A new analysis released Thursday shows that with an investment of just $25 billion dollars—around 3% of what the U.S. spends on its military each year—the world could establish regional manufacturing hubs to produce eight billion coronavirus vaccine doses in less than a year.
“The sooner we start, the more lives we will save and the faster our world will stop unraveling.”
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The new report by Public Citizen shows that with a minimal investment by the wealthiest nations, enough vaccine supply could be produced to inoculate 80% of the population in low- and middle-income countries by May 2022.
“The global vaccine apartheid is a policy choice,” the People’s Vaccine Alliance tweeted Thursday.
“We have the means to end it,” the group added, referring to the new report compiled by Dr. Zoltán Kis, a research associate at the Centre for Process Systems Engineering at Imperial College London, and Zain Rizvi, law and policy researcher in Public Citizen’s Access to Medicines Program.
At present, of the more than 1.78 billion shots that have been administered worldwide, just 0.3% have gone into the arms of people living in low-income countries, with high- and middle-income countries receiving 85% of the doses. If present trends continue, impoverished nations in the Global South won’t be vaccinated until 2024, experts say.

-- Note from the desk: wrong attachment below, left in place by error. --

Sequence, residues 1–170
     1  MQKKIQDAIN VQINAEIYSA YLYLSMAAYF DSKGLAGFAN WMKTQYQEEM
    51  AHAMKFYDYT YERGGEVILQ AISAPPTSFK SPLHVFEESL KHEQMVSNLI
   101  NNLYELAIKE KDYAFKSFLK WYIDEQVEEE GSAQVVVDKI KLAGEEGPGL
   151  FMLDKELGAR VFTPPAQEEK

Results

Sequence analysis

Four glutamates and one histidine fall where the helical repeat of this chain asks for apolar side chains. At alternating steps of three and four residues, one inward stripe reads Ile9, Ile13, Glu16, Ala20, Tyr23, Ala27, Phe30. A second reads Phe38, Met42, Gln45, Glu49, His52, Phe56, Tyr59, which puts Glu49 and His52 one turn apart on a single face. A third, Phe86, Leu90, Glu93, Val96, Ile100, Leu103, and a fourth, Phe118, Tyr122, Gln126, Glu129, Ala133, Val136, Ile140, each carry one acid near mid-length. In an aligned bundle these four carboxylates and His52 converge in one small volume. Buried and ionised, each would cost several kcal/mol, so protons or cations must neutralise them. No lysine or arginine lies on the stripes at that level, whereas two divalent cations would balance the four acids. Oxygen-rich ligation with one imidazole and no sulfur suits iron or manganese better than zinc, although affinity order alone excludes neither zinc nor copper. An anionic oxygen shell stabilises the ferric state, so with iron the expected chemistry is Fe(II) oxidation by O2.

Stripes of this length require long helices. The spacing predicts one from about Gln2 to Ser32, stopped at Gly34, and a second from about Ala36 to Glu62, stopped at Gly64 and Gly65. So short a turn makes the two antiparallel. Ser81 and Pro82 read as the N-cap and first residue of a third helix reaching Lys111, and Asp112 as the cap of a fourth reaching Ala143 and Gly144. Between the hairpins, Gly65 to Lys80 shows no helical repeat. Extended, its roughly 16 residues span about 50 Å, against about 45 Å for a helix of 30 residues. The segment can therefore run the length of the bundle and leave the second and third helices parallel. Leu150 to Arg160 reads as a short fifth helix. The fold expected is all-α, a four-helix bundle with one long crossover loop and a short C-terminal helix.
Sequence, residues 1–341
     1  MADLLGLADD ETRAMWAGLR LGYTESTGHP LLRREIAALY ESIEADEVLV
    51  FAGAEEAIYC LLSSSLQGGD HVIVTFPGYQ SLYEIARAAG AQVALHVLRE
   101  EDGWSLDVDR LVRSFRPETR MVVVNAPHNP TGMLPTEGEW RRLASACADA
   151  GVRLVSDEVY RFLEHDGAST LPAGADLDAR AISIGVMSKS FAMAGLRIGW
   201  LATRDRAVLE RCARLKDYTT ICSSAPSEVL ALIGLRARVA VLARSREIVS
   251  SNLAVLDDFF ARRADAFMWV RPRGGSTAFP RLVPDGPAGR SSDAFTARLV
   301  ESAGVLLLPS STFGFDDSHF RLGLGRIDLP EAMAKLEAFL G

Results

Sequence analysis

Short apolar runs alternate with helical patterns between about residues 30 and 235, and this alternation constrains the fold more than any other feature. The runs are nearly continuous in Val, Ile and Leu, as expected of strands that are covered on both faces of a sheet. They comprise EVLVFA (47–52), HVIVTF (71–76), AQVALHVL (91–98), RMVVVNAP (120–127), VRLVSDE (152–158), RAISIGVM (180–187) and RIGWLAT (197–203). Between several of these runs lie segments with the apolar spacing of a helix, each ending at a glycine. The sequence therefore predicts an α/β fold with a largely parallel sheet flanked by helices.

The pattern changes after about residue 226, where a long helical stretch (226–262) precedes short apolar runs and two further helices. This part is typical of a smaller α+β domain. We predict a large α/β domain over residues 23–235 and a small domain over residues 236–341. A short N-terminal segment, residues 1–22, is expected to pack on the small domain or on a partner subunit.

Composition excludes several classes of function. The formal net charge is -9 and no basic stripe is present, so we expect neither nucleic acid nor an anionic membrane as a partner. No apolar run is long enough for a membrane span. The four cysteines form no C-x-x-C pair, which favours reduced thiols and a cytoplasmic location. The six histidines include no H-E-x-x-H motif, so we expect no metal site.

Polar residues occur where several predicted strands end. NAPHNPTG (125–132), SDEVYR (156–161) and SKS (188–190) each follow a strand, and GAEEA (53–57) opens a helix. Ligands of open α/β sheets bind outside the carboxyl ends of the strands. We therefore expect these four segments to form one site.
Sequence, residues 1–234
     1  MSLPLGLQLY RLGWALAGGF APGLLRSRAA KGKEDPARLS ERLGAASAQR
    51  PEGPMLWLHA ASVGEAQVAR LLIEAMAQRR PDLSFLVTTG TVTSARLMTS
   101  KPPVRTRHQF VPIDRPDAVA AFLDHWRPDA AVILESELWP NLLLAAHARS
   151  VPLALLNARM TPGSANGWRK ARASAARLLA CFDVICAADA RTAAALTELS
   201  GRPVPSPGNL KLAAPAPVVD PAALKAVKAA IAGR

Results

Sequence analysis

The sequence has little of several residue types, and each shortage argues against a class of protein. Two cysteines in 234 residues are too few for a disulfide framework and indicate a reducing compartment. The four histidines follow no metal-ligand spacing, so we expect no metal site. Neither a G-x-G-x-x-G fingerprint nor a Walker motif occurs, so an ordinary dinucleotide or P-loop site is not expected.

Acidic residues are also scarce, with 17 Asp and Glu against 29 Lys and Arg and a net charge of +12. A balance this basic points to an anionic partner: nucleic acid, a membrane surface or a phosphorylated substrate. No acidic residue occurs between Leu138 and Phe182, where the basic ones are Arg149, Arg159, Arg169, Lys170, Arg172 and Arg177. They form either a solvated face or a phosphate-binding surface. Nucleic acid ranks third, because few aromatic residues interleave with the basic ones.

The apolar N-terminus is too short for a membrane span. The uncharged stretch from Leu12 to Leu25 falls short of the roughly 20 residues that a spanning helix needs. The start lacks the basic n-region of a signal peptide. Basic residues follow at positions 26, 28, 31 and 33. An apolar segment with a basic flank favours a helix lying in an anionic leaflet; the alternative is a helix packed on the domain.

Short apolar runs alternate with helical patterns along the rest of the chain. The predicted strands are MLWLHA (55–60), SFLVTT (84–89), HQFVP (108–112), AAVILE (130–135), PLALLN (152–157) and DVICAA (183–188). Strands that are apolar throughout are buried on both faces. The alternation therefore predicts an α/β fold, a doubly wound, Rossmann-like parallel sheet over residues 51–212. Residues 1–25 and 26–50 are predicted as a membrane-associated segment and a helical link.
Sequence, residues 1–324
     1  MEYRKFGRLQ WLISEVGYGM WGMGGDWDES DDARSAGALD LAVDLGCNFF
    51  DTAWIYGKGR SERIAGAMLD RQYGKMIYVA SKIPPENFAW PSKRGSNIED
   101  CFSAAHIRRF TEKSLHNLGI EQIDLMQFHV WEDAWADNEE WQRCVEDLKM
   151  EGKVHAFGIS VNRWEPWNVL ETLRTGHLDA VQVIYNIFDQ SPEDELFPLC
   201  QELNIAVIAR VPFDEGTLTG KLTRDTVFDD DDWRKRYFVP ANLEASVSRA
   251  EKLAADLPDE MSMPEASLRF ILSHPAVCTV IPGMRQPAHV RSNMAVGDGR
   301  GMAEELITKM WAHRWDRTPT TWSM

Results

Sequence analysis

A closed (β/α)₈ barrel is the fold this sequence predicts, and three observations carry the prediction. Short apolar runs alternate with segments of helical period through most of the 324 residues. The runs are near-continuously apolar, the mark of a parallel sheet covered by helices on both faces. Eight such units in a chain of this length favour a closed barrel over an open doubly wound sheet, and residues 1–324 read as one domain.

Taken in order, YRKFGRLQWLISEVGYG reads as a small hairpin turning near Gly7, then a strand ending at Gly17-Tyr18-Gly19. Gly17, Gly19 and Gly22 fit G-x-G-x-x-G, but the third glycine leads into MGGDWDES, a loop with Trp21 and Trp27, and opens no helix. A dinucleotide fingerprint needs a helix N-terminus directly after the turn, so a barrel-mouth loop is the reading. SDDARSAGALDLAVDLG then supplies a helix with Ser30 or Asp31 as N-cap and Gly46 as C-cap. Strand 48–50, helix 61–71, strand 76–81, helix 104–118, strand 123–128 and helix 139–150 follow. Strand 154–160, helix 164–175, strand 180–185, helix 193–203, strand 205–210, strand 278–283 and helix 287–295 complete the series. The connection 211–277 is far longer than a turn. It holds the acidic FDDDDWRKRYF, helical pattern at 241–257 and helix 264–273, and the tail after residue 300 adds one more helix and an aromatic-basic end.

Global vaccine inequality has intensified the spread of Covid-19, particularly in South Asia and Latin America. While the virus has officially claimed the lives of nearly 3.5 million people worldwide so far, the World Health Organization (WHO) estimated last week that Covid-19’s true death toll is between six to eight million people, and the world has yet to respond adequately to the public health catastrophe.
In the report, Kis and Rizvi described how “the global community could set up regional hubs capable of producing eight billion mRNA vaccine doses” within a year. As the researchers noted:
“The Covid-19 pandemic has highlighted the urgent need for distributed manufacturing,” the report noted.
While raw materials for mRNA vaccines “currently cost more than materials for other kinds of vaccines… mRNA production facilities can be smaller, cheaper, and faster to establish,” the authors wrote. Furthermore, “many more manufacturing facilities can also be retrofitted to produce mRNA vaccines, compared to other kinds of vaccines.”
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